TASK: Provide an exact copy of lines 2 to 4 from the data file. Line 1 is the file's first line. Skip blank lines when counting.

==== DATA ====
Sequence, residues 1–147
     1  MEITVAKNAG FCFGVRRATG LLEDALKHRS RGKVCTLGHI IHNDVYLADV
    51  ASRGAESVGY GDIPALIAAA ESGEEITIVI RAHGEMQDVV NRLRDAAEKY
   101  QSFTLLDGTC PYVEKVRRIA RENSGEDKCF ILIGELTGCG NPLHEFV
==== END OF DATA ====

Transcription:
     1  MEITVAKNAG FCFGVRRATG LLEDALKHRS RGKVCTLGHI IHNDVYLADV
    51  ASRGAESVGY GDIPALIAAA ESGEEITIVI RAHGEMQDVV NRLRDAAEKY
   101  QSFTLLDGTC PYVEKVRRIA RENSGEDKCF ILIGELTGCG NPLHEFV